Swinging Tarzan: Solving for Maximum Height & Angle

In summary, Tarzan runs at 6 m/s and grabs a 4.1 m vertical vine tied to a branch, swinging up to a maximum height. The maximum angle of the vine with respect to vertical does not affect the height. Using the conservation of energy equation, h = 1/2(6)^2/9.8, we can solve for h to find the maximum height Tarzan will swing up to.
  • #1
physicshelppls
11
0

Homework Statement


Tarzan runs at 6 m/s and grabs a vertical vine (negligible mass) of length 4.1 m which is tied to a branch at the top. Tarzan then swings up.

Determine the maximum height Tarzan will swing up and the maximum angle the vine will make with respect to vertical.

Homework Equations


mgh = 1/2mv2 ?

The Attempt at a Solution


I did a problem about the height of the swing previously, but mass was given. I would solve for m if height was given, but neither are so I'm not sure where to begin. I'm sure there is another equation. Is this a pendulum problem? We haven't covered much on pendulums. Sorry if this is not enough for an attempt at a solution.
 
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  • #2
Hi physicshelppls,

Welcome to Physics Forums!

Notice that in your relevant equation that the mass cancels on each side? You can proceed to analyze the problem leaving 'm' in as a variable, but your relevant equation implies that it will cancel out along the way.

In fact, it is common in physics to use what are called "specific quantities", where energies for example are specified in terms of Joules per kilogram (J/kg). So your conservation of energy formula becomes gh = 1/2v2.
 
  • #3
Oh wow, I feel dumb for not even noticing that. So does the length of the vine not matter in finding the height?

9.8h = 1/2(6)2 and I just solve for h to get the answer to the first part?
 
  • #4
physicshelppls said:
Oh wow, I feel dumb for not even noticing that. So does the length of the vine not matter in finding the height?
Nope, doesn't matter.
9.8h = 1/2(6)2 and I just solve for h to get the answer to the first part?
Looks good.
 

Related to Swinging Tarzan: Solving for Maximum Height & Angle

1. What is the purpose of solving for maximum height and angle in the Swinging Tarzan experiment?

The purpose of this experiment is to determine the optimal angle and speed at which Tarzan should swing on a vine in order to achieve the maximum height possible. This helps us understand the principles of projectile motion and can be applied to other real-world scenarios, such as launching objects or athletes in sports.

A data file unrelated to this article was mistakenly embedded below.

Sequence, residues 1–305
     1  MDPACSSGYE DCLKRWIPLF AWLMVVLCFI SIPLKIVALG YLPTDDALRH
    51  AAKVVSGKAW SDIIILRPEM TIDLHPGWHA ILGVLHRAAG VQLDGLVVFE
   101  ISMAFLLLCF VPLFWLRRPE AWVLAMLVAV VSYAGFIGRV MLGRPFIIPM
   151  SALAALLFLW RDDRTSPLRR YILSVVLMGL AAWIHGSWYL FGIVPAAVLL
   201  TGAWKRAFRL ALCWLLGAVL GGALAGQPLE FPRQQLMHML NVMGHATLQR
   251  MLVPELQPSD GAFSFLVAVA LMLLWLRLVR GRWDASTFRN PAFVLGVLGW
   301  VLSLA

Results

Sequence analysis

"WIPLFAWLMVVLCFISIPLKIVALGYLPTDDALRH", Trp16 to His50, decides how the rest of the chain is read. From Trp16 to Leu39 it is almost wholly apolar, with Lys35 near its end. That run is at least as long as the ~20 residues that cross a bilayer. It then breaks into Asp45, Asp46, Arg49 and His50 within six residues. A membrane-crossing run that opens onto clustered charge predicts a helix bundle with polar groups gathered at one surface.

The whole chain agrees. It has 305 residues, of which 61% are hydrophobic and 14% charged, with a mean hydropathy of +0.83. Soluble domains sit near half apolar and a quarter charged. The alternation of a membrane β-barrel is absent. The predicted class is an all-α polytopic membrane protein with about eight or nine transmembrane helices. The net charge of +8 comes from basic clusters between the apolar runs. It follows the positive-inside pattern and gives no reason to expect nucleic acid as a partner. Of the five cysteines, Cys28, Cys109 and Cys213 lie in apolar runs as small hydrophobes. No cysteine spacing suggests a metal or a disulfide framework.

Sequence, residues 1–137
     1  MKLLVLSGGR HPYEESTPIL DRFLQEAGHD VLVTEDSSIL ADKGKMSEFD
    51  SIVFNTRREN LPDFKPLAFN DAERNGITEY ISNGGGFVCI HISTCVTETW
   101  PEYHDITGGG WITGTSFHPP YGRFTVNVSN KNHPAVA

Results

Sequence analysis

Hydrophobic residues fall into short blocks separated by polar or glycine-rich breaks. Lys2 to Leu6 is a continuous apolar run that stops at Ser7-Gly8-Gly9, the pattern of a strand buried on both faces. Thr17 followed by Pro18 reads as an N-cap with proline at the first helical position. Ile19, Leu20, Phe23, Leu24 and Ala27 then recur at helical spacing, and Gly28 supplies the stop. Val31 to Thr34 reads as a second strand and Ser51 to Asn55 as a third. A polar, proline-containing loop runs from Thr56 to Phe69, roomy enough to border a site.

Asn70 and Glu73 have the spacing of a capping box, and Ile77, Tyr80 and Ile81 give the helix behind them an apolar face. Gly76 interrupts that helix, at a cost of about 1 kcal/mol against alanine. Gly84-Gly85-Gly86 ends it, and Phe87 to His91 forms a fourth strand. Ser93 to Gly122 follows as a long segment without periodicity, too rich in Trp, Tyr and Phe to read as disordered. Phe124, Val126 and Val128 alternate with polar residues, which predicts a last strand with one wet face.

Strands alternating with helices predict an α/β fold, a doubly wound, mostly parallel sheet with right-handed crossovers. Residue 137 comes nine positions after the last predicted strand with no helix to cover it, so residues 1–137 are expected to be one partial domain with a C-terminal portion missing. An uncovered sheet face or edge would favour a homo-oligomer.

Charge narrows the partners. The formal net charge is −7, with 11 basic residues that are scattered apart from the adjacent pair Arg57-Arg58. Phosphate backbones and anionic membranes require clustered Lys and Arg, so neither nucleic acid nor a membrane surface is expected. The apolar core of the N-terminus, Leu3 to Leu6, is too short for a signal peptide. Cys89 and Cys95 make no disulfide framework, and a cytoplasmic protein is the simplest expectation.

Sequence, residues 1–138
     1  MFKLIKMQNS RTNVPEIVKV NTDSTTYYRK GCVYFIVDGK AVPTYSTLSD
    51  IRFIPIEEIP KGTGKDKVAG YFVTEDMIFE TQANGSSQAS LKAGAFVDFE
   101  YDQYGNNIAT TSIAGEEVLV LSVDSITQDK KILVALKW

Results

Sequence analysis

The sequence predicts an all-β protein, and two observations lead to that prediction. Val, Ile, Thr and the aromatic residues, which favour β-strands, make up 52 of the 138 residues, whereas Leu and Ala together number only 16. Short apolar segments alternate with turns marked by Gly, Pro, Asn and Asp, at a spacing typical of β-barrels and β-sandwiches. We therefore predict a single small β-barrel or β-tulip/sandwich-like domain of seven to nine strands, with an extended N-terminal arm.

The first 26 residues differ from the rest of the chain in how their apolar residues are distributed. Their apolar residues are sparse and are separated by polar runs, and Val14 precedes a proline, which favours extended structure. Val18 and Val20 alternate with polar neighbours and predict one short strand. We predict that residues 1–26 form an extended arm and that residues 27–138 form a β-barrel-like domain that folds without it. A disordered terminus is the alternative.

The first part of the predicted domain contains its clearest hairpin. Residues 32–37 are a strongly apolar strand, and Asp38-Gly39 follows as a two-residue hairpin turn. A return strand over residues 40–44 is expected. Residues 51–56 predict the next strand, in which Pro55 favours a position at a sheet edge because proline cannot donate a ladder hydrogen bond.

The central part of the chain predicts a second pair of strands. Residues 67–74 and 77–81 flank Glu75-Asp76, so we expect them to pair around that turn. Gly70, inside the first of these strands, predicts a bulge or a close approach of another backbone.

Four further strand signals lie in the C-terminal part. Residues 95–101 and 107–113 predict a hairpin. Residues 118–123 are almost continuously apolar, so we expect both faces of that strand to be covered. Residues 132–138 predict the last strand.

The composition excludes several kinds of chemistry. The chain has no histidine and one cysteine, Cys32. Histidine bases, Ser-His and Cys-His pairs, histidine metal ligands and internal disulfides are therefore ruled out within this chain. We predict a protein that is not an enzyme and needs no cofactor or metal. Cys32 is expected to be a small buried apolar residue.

2. How do you calculate the maximum height and angle in the Swinging Tarzan experiment?

The maximum height and angle can be calculated using the equations of motion and the principles of projectile motion. The initial velocity, angle of launch, and gravitational acceleration are all factors that contribute to the maximum height and angle. These can be determined through experimentation or by using mathematical calculations.

3. What factors can affect the maximum height and angle in the Swinging Tarzan experiment?

The maximum height and angle can be affected by various factors such as the initial velocity, angle of launch, air resistance, and the mass and shape of the object being swung. Other external factors like wind, temperature, and humidity can also impact the results of the experiment.

4. How can the results of the Swinging Tarzan experiment be applied in real life?

The principles learned from this experiment can be applied in various real-life scenarios, such as designing amusement park rides, calculating trajectories for sports like baseball or golf, and even in engineering and construction projects. Understanding the maximum height and angle of a projectile can also help in predicting and preventing accidents or disasters, such as landslides or rock falls.

5. What are the limitations of the Swinging Tarzan experiment?

One limitation of this experiment is that it assumes ideal conditions, such as a perfectly straight vine and no air resistance. In reality, there are many external factors that can impact the results. Additionally, the experiment may not accurately represent the motion of a swinging human due to differences in weight, strength, and technique. It is important to consider these limitations when interpreting the results and applying them to real-life situations.

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